Croatia has to advance waste recycling system, says minister

Minister of Environment and Nature Protection Slaven Dobrovic said on Tuesday that Croatia was not good in waste management and was at the bottom of the European average in recycling, but this can be improved significantly very quickly, announcing upgrades in the waste management system.

The system can be advanced significantly because citizens are quite informed about the problems, many participate in partially sorting waste and in some areas that is functioning very well, Dobrovic told reporters during the "Croatia Waste Expo 2016 conference," organised by the Poslovni Dnevnik business magazine.

Dobrovic announced changes to the system and said that the Waste Management Plan 2016-2022 was almost completed. He underscored that waste sorting plants, pressing machines and waste baling was vital in waste management.

We are aware that our economy has something to offer here and believe that the contribution of the domestic economy in waste management programmes will be greater, he added.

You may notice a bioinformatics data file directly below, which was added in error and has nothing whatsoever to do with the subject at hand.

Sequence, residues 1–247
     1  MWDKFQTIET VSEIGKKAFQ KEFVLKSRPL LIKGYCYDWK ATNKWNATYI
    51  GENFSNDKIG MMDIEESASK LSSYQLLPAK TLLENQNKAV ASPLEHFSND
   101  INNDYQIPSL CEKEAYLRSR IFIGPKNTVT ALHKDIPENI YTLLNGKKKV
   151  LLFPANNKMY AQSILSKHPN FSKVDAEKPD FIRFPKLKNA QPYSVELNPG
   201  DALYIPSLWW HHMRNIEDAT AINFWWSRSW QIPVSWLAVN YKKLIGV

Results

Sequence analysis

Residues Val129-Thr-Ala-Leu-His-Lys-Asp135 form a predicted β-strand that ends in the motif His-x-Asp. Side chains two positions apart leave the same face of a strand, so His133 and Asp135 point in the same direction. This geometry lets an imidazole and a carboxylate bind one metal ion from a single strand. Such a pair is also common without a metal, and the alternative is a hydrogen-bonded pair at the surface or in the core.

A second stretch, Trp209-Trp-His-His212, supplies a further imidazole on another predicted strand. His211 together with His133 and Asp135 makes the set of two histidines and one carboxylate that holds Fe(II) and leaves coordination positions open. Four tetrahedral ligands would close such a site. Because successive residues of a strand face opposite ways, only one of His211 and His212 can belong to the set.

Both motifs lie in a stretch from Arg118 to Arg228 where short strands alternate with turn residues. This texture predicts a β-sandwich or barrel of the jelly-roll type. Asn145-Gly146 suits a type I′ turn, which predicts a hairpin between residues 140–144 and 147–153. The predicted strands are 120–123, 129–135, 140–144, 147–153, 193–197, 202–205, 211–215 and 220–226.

Minister Dobrovic announced that the state would offer special programme for household composting, waste separation, recycling yards - immediately defining financing schemes from European Union funds and helping local government units in designing projects and with the necessary documentation.

This year's Waste Expo is dedicated to circular economy, which is current, seeing that the EU has strategically opted for it. It envisages reusing and recycling products and raw materials.

"There are numerous advantages to circular economy: reduced independence on the import of raw materials, and Europe is a continent that is poor in that regard; reduced environment pollution; job creation - around 600,000 in waste management in the EU," Dobrovic underscored.

He added that late last year a new package on circular economy was presented in Brussels with far-reaching ambitions, one being that, by 2030, the EU should recycle 65% of its waste and that combined waste should be reduced to 10% of all waste produced.

Dobrovic underscored that Croatia was lagging behind in adopting regulations aimed at stimulating citizens to sort their waste and that many larger cities and municipalities still objected to primary waste sorting.

He added that he supported a hierarchy in waste management in accordance with a circular economy, a system that has proven to facilitate a sustainable cost of utility services, efficient resource management and job creation.

Last update: Tue, 26/04/2016 - 16:52

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